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Montana Policy

Updated As Of: April 5, 2017

The state of Montana briefly denied undocumented students public university benefits through HB 638 (LR 121). However, the majority of LR 121 was struck down in court
  • There have been no proposals to provide in-state tuition for undocumented students.
  • HB 638 (LR 121was voted on and passed during the 2012 General Election. It requires proof of citizenship by Montanans in order to receive certain state services including public university benefits. Since its passage, the majority of the law has been struck down in Montana's First Judicial District Court.
  • HB 178 was enacted in April 2011. This law requires the DMV to use the SAVE program to verify lawful presence before providing someone with a driver's license or state ID.
  • HB 611 was introduced in March 2017. If passed, it would prohibit local governments from enacting or referring to the electorate a sanctuary policy. 

Federal law has been unsuccessful at addressing comprehensive access to postsecondary education for undocumented students. Despite efforts to pass the DREAM Act and comprehensive immigration reform, Congress has not addressed the current ambiguous language in IIRIRA regarding undocumented students' eligibility for educational benefits (i.e. in-state tuition and state-funded financial aid programs). Therefore, much of the policy activity regarding postsecondary access for undocumented students has shifted to state and system levels. As a result, state policymakers and higher education institutions take varied approaches to either broadening or restricting access to postsecondary education and educational benefits. Others states have yet to take formal action on this issue, leaving the decision to individual campus leaders.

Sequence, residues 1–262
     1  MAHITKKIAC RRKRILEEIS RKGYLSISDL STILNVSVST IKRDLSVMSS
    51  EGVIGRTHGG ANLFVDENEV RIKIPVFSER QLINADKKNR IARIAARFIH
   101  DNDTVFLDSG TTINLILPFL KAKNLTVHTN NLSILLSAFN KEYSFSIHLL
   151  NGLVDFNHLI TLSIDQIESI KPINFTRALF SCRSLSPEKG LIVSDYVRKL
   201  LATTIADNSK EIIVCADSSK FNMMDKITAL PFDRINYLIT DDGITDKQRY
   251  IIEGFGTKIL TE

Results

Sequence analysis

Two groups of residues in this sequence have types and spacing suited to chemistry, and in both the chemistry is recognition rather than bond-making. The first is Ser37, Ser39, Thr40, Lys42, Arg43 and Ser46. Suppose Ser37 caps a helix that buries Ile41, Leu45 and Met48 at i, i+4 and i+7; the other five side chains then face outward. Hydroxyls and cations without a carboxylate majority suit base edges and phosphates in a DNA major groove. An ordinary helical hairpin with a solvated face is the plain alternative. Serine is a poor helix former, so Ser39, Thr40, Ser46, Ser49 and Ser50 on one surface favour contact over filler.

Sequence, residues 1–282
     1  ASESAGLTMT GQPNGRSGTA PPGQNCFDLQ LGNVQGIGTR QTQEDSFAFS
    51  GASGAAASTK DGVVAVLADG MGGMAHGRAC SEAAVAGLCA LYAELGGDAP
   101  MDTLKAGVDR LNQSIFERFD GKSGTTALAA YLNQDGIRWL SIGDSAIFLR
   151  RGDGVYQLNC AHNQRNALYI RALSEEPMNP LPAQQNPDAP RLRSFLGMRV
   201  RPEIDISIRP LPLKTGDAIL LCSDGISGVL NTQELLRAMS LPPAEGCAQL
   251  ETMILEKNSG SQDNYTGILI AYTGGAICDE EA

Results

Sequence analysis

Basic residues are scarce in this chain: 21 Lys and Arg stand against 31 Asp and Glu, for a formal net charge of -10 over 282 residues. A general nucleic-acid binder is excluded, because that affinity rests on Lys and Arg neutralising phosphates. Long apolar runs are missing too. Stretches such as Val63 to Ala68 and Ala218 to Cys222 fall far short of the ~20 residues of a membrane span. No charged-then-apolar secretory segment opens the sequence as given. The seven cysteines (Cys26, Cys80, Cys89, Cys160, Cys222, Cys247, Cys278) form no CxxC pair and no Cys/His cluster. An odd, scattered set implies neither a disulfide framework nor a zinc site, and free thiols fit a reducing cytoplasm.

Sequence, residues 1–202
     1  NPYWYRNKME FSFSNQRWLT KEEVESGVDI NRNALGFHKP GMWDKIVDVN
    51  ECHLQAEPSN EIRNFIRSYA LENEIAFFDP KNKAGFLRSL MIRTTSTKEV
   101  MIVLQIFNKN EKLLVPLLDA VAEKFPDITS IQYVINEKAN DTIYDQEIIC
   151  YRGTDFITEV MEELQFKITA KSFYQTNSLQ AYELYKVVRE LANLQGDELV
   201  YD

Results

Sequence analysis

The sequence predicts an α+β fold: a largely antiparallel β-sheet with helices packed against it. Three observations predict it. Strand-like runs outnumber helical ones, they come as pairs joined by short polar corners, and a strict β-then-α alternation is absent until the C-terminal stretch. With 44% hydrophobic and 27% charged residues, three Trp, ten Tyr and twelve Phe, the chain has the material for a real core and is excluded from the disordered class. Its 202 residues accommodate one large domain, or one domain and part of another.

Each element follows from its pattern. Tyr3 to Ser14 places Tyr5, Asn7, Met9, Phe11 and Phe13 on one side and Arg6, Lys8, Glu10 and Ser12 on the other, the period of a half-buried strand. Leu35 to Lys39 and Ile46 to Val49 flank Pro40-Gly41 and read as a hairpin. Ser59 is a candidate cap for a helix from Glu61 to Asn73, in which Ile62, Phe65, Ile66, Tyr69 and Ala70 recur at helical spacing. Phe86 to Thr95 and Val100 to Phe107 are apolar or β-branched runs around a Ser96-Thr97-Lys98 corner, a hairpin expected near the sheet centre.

Under the provisions of this ambiguous policy context, undocumented youth encounter contentious environments with policies that range from inclusive, restrictive, or unstipulated stances.

Inclusive: States with policies that explicitly grant in-state tuition and/or eligibility for public financial aid for undocumented students.

Restrictive: States with policies that explicitly deny eligibility for admission and/or in-state tuition for undocumented students.

Unstipulated: States that do not have stated policies that explicitly address undocumented student access to postsecondary education.

State and system policies are volatile and continuously changing. For the latest, please visit the uLEAD NewsdeskFor information specific to individual state context, click in the subheadings below.